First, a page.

Planning a trip to Iceland in September might be great since the country can be quite mild into the first week of October (most of the crowds have thinned as children return to school). May offers plenty of daylight for sightseeing and milder temperatures as well.
However, it may not be the greatest time to go if you’re interested in visiting some of the more isolated hills and fjords, since some routes are still blocked while they thaw from the winter’s snowy cover.
The summer months in Iceland are ideal for serious hikers since all the mountain roads are open and the most well-known routes are available for travel.
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Iceland’s Best Season For Whale Watching
The best months to go whale watching in Iceland, according to marine researcher Dr. Edda Elsabet Magnsdóttir of Iceland, are June and July.
You’ll have a longer window to enjoy humpback, minke, and dolphin sightings in northern Iceland from May to August; some humpbacks even stay until the end of the year. Additionally, blue whales travel throughout the summer.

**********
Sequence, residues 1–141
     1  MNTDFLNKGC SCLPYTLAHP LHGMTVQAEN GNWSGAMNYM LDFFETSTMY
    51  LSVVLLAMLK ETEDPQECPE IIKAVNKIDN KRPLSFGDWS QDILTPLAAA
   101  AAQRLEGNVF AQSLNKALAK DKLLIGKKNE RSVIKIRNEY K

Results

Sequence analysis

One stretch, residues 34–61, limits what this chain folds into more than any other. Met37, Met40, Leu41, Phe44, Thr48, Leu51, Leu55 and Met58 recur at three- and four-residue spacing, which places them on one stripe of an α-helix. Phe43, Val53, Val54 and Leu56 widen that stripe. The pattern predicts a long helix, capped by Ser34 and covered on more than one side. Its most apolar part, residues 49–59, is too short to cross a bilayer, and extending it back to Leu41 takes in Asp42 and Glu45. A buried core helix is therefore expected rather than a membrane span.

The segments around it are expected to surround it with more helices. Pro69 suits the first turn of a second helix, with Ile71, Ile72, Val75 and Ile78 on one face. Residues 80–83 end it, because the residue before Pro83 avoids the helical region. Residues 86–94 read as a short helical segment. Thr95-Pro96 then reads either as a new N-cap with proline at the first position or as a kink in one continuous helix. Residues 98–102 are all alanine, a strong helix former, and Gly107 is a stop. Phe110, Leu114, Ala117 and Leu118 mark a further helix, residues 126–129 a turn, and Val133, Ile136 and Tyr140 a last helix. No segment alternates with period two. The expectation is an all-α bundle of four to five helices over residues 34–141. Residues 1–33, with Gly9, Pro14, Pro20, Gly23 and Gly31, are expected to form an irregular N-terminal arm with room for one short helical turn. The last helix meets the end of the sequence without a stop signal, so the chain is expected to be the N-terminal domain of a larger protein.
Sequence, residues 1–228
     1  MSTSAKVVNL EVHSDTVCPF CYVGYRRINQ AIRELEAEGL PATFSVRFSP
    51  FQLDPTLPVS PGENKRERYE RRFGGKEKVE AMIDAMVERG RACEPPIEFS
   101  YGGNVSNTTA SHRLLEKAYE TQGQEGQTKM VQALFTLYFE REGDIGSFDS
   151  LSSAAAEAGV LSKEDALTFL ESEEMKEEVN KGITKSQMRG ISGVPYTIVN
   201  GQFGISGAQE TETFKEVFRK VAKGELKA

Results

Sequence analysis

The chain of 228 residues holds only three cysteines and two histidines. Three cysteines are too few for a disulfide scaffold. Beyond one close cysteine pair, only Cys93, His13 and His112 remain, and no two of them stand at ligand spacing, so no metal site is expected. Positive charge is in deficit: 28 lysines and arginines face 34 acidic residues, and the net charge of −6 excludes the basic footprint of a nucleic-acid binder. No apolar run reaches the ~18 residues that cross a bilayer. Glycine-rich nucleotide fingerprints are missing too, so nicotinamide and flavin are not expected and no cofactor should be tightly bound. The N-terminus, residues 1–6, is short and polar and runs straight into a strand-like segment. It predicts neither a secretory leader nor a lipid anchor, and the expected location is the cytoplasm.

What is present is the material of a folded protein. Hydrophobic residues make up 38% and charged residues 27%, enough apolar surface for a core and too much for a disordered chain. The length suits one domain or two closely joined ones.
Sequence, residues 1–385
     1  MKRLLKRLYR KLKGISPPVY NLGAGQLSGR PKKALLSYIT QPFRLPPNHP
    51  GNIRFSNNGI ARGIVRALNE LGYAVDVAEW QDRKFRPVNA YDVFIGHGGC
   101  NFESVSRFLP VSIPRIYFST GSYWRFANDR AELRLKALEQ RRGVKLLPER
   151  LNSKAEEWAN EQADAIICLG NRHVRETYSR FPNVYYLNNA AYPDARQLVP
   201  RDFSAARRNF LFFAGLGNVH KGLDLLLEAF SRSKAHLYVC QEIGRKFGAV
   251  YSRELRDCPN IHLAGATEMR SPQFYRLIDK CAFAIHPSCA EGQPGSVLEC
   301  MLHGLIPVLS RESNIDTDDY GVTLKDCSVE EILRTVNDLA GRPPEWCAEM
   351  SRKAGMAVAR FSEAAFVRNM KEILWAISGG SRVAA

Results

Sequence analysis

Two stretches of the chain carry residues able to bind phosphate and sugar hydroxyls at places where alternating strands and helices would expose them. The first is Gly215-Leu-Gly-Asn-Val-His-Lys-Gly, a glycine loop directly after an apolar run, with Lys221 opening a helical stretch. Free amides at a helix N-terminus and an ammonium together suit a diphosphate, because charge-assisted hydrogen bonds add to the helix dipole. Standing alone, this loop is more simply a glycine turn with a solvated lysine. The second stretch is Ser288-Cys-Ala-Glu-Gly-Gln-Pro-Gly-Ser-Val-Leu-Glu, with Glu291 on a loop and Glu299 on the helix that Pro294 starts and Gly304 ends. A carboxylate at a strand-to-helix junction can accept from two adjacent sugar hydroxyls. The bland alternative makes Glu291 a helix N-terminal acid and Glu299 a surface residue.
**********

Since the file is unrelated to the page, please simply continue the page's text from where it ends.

While orcas gather in West Iceland in the Snaefellsnes peninsula during the first half of the year, there are encouraging numbers of minke whales and dolphins in Reykjavik throughout the summer months.
When To Visit The Hot Springs Is Best?
One of the most important aspects of Icelandic culture, both for social and health reasons, are the country’s hot water baths.
The public pools at Reykjavik are available all year round (and are particularly refreshing in the dead of winter), but the island also boasts hundreds of concealed “hot pots” that directly access the geothermal activity under its lava-streaked surface.